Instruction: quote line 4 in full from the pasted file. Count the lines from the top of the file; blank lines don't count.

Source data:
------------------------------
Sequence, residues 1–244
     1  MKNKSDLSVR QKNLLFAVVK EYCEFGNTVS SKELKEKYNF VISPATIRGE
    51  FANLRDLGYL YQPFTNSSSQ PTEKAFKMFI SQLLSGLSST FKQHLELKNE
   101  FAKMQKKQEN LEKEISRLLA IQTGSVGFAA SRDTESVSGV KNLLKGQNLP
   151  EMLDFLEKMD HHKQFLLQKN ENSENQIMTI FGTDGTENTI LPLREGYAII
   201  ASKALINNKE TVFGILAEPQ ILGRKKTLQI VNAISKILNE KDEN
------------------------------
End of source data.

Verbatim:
   101  FAKMQKKQEN LEKEISRLLA IQTGSVGFAA SRDTESVSGV KNLLKGQNLP